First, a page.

The campaign to recall Gov. Rick Snyder is calling it quits after falling short of collecting the number of petition signatures needed to put the issue before voters, campaign spokesman Tom Bryant said in an e-mail to the Free Press. Bryant did not specify how many signatures had been collected, and could not be reached for further comment today.

Detroit moves forward with targeted effort to support "healthier" neighborhoods

The city of Detroit is tight on resources, so providing services to all the neighborhoods in the city's footprint is a challenge. Mayor Bing's "Detroit Works Project" is aimed at providing more services to neighborhoods considered healthy, and cutting back on other neighborhoods. The Detroit News reports the targeted effort is beginning:

The strategy is the first phase of a larger Detroit Works Project that eventually could encourage residents to leave some neighborhoods. That plan is still being formed, and Bing announced the service changes in July that will be rolled out in the next several months.

Under the plan, neighborhoods identified by City Hall as healthy, such as East English Village and Palmer Park, would get more code enforcement, commercial code improvements, home rehabs, streetlight fixes, tree trimming and dump cleanups, but fewer housing demolitions.

That would be reversed for those deemed distressed, such as Brightmoor and the east side surrounding Coleman A. Young International Airport, where demolitions would be focused and some services reduced.

Grant means 35 police officers in Michigan can be retained or hired

An $8.18 million grant from the U.S. Department of Justice will cover full salaries and benefits for 35 police officers for three years. The Associated Press reports that U.S. Senators Carl Levin and Debbie Stabenow say the Department of Justice is giving the grant to four Michigan police agencies in Michigan. The grant comes form the Community Oriented Policing Services program (COPS):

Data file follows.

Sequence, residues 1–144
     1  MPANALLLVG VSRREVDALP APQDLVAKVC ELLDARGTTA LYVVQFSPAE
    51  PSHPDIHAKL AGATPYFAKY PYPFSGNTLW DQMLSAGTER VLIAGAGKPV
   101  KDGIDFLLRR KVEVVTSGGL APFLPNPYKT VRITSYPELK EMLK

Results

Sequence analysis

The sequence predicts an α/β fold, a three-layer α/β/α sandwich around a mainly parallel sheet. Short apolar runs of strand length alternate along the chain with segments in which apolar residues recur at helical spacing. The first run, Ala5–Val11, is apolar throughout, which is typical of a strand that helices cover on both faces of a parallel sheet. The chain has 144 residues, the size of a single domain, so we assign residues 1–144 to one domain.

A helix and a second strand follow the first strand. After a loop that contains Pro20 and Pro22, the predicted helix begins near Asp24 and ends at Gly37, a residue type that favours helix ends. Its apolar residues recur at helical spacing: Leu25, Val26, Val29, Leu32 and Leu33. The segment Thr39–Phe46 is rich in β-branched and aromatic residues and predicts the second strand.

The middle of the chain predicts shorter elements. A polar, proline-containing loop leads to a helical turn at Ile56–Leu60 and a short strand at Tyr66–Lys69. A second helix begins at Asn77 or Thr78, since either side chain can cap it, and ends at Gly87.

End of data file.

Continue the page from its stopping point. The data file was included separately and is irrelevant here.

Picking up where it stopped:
They say Detroit is getting $5.69 million for 25 officers, Flint is getting $1.23 million for six officers, Wayne County's Redford Township is getting $936,000 for three officers, and Roseville is getting $320,000 for one officer.

Food
4:10 pm
Wed September 28, 2011

Ground beef recalled, Kroger stores in Michigan not affected

Officials say, based on the latest information, the ground beef recall does not affect Michigan Kroger stores.
Daniel Jordahl Flickr

First, a deadly listeria outbreak on Colorado cantaloupes, now a ground beef E. coli scare affecting some Kroger generic brands.

In a recall release, the USDA's Food Safety and Inspection Service says 131,300 pounds of ground beef products from Tyson Fresh Meats Inc. are being recalled because of possible E. coli O157:H7 contamination.

E. coli O157:H7 can make a dangerous Shiga toxin. CDC officials say the toxin "can attack the body in several areas: the gut (causing bloody diarrhea), the kidneys (causing kidney failure), and sometimes the nervous system."